Data Use: Program Effectiveness and Improvement

Quality Standard

Program Effectiveness and Improvement: The program has demonstrated a commitment to understanding overall program effectiveness and processes for ongoing improvement. 

Critical Questions
  • What student and tutor outcomes represent the vision of success for the program?
  • What data will the program collect to measure these outcomes? 
  • How will these data reflect a holistic understanding of students’ and tutors’ experiences?
  • How do the measures address both the impact on K-12 students and the impact on HEI tutors?
  • What processes will be in place to review and act upon collected data?
  • How will these review processes promote equity and reduce bias?
Implementation Checklist
  • Define measures of success in alignment with your logic model, including process measures of implementation and non-academic measures of impact.
  • Develop and/or leverage existing tools to collect data on the identified measures, including both quantitative and qualitative data.
  • Set benchmarks to monitor progress towards outcomes.
  • Put systems in place for collecting data that can be disaggregated by race, gender, individualized education program statutes, home language, and other important factors to ensure equity of services.
  • Consider using the Tutoring Quality Improvement System to assess overall program’s alignment with Quality Standards as part of continuous improvement efforts.
  • Meet requirements and use best practices for data privacy.
Implementation Tools

HEI Specific Tools:

  • If you are interested in learning more about current research at other institutions or how to conduct a study at your higher education institution (HEI), contact:

From Existing Resources: 

Key Insights

Develop a holistic data collection strategy that includes non-academic measures of impact for both students and tutors.

  • While academic improvement is the primary purpose of a tutoring program, it is not the only goal. Programs need to collect data across multiple dimensions to ensure that they are building students’ overall well being and are serving students equitably. As a results they benefit from collecting data to evaluate student experiences with tutors, not just student academic growth. HEI programs should also set goals and collect data to assess progress on tutor outcomes.
  • Programs should collect feedback from all stakeholders (students, families, teachers, tutors, and administrators) to understand and improve program impact at all levels. While achievement data and feedback from school partners is critical, programs should include student voices when evaluating program impact: tutoring programs exist primarily to serve students.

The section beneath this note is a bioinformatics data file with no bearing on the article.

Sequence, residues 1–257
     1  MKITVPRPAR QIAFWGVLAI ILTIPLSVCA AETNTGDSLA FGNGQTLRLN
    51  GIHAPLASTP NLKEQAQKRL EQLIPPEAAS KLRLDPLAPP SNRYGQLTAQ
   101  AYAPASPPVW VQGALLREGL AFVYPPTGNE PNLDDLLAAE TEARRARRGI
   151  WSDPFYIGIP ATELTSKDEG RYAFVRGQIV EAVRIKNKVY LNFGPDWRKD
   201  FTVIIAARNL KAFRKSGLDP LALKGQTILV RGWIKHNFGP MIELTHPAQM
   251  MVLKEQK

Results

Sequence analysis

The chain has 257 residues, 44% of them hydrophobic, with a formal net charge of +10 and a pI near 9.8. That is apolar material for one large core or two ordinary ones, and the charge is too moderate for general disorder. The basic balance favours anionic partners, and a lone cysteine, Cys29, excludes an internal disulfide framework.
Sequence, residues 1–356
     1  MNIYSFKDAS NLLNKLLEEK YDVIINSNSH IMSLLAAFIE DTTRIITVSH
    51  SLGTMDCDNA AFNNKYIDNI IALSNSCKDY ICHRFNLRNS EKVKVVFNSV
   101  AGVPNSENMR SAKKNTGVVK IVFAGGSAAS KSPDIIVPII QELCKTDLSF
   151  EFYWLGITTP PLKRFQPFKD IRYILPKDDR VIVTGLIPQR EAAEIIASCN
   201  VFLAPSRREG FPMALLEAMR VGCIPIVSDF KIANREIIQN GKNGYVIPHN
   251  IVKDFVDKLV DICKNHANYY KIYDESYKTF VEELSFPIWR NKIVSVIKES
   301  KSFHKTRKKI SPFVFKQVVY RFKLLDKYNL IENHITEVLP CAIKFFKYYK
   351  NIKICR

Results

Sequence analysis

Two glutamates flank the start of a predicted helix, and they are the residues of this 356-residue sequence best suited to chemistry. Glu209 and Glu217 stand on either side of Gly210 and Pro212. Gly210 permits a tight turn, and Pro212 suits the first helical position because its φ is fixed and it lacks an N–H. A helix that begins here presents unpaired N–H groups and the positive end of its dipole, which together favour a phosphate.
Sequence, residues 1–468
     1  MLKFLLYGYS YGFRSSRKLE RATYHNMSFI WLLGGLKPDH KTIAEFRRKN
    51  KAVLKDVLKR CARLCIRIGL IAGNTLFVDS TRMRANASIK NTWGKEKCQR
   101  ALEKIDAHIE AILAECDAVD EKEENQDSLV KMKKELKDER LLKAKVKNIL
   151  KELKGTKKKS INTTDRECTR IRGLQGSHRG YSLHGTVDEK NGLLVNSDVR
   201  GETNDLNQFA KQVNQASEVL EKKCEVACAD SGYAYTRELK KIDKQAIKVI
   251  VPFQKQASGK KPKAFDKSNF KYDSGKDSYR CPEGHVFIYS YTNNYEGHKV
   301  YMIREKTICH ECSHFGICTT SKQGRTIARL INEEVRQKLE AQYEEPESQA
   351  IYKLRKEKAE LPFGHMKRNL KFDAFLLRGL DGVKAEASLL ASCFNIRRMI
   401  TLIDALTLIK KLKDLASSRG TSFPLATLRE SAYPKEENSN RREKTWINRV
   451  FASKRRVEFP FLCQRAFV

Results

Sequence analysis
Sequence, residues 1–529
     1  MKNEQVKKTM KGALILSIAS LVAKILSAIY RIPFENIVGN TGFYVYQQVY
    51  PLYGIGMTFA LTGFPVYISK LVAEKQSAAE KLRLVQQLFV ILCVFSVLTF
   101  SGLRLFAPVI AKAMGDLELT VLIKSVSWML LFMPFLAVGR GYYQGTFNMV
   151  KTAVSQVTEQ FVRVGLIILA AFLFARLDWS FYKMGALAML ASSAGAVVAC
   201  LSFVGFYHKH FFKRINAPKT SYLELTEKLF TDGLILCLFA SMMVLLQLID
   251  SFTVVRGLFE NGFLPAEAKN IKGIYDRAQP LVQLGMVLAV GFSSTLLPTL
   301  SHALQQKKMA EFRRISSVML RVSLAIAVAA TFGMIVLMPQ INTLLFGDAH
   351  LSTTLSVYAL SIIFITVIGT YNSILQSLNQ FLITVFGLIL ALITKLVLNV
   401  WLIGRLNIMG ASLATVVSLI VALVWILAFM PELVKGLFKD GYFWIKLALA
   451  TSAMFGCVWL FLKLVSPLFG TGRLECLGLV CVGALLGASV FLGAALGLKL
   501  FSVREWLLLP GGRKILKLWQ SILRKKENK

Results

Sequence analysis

• These pre-developed Tutoring Survey Instruments can support the program’s understanding of student and tutor experiences. 
  • Modeling use of comprehensive data measures will also support your student tutors with deepening their understanding of these practices, furthering tutoring as a career development opportunity for participating student tutors.
  • Consider phasing the approach to data collection to ensure you are able to commit to the data you plan to collect. For example, you may begin with collecting feedback from 1-2 stakeholder groups during the first year of implementation, and then increase the number of stakeholder groups in subsequent years. 

Set specific benchmarks with expected dates to help stay on track.

  • Programs should set benchmarks with expected dates for all measures — not just for student growth, but also for aspects like student/tutor/teacher/parent satisfaction. Routinely reviewing data and comparing it to benchmarks helps programs understand where they are on-track or off-track; this is critical for establishing a data- to-action cycle of insights and iterative improvements. These processes will also support the program with communicating progress and improvements to funders, ensuring the HEI is able to sustain the tutoring program into the future. 

Align routine assessments with session targets (and, ideally, with classroom curriculum).

  • Well-aligned, routine assessments can help programs quickly identify student knowledge gaps and target upcoming sessions to meet specific student needs as they emerge.
  • If partner schools have existing interim assessments, leverage those data to reduce the need for another assessment and assure that tutoring success is tied to outcomes the school and district sees as relevant.
  • In order for formative assessments to result in more student learning, tutors need time and support to review the assessment and formulate a plan to address each student’s needs.

Develop systems for visualizing data for stakeholders.

  • Programs should develop in-house capability for distilling data so that information can be presented in a digestible and actionable format. Some programs may have databases and utilize software such as Tableau to visualize data, while other programs that operate at a smaller scale may find it sufficient to store data in well-designed Google spreadsheets. Consider reaching out to faculty and/or staff at your HEI with expertise in this area - there are likely data management and analysis software products already purchased by your HEI to use. 
  • Ultimately, the method chosen for visualizing data should allow for users to sort the data and easily extract insights. 
  • Programs should regularly gather feedback on their data collection and visualization systems and improve upon these as part of their continuous improvement processes. If your program has access to research assistants, consider working with them to support your program’s data collection and measurement work.